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Get the Most From Your Doctor Visits

Tips on being an informed patient

TUESDAY, July 13, 2004 (HealthDayNews) -- If you want to become a better-informed patient and get the most out of your doctor's visits, here are some tips that were presented at a recent forum sponsored by Harvard Medical School:

  • Bring along a family member or close friend when you see your doctor. Having another person there to listen carefully may help both you and your doctor when making decisions about your care.
  • If you don't feel comfortable talking to a doctor, speak with a nurse.
  • Be aware there may be other options, even if your doctor offers only one treatment choice. Ask your doctor to outline all available treatments for your condition.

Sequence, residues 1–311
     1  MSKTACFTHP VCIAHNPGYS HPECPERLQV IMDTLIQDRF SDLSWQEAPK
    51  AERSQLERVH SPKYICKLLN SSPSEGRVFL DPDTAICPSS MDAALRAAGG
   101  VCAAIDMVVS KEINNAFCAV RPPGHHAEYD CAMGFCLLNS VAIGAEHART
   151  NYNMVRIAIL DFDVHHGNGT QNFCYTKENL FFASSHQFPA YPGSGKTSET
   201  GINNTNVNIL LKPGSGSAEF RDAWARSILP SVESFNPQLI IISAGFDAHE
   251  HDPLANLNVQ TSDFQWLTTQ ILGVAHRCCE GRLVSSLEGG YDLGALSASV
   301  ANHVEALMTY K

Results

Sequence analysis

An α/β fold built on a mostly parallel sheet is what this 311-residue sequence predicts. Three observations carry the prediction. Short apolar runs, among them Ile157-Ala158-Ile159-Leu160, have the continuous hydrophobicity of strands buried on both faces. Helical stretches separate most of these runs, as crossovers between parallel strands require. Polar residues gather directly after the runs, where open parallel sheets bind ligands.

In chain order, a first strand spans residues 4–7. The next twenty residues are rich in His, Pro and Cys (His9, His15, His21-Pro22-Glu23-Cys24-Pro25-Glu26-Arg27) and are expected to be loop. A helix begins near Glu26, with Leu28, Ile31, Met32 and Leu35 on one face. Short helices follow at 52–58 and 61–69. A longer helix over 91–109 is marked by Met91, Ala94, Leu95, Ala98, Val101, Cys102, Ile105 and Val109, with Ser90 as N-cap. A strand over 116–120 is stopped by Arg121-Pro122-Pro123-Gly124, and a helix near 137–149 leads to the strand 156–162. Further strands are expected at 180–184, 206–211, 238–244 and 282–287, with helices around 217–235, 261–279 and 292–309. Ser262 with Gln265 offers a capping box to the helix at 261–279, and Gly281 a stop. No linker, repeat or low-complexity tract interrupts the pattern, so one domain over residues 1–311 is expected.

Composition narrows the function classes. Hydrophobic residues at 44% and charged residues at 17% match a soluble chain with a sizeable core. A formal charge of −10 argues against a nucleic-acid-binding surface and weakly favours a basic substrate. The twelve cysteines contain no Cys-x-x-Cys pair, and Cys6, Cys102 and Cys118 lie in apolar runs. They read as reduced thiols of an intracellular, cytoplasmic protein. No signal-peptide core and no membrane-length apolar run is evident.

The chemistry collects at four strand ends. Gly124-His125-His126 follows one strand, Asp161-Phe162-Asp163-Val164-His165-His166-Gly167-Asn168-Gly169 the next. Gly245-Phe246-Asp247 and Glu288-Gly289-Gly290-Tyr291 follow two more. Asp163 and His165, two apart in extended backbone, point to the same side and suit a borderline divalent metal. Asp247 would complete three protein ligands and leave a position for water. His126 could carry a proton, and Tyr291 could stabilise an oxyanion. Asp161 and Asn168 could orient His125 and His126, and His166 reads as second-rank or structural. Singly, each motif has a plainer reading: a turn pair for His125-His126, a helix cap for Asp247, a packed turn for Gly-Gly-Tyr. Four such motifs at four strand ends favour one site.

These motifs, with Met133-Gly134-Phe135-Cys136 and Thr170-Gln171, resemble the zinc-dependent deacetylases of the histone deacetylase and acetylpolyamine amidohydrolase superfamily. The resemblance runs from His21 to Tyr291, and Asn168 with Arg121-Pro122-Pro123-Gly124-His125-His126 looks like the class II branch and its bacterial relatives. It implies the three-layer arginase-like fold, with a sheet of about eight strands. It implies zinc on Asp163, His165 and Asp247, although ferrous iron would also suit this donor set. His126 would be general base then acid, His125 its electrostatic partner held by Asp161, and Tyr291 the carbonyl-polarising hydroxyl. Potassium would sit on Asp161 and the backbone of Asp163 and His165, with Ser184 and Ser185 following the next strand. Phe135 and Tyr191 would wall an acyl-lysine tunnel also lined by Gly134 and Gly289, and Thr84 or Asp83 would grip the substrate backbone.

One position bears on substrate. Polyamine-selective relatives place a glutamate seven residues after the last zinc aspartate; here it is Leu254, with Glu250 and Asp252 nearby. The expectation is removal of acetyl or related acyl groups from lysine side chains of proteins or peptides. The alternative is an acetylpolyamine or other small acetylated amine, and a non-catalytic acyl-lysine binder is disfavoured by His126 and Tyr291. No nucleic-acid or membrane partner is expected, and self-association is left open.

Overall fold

• Set the terms of the patient-doctor relationship. If you find your doctor is too deferential or too bossy, tell your doctor. If the situation doesn't change, consider switching doctors.
  • Consider your priorities. Medical decisions often require trade-offs. Talk with your doctor about your preferences and values.
  • Use the Internet to learn more. You do have to be careful, but you can find a lot of credible health information on the Web.
  • Get copies of your medical records. It's your right and can help you become a fully informed patient.
  • Bring a tape recorder when you visit your doctor. Listening to the recording after your appointment may help you understand things you didn't comprehend during your visit.
  • Find a doctor you like, and don't feel you have to stay with a doctor you don't like or don't trust.

More information

The Agency for Healthcare Research and Quality has advice on how patients can help prevent medical errors.

SOURCE: Harvard Health Letter, news release, June 30, 2004
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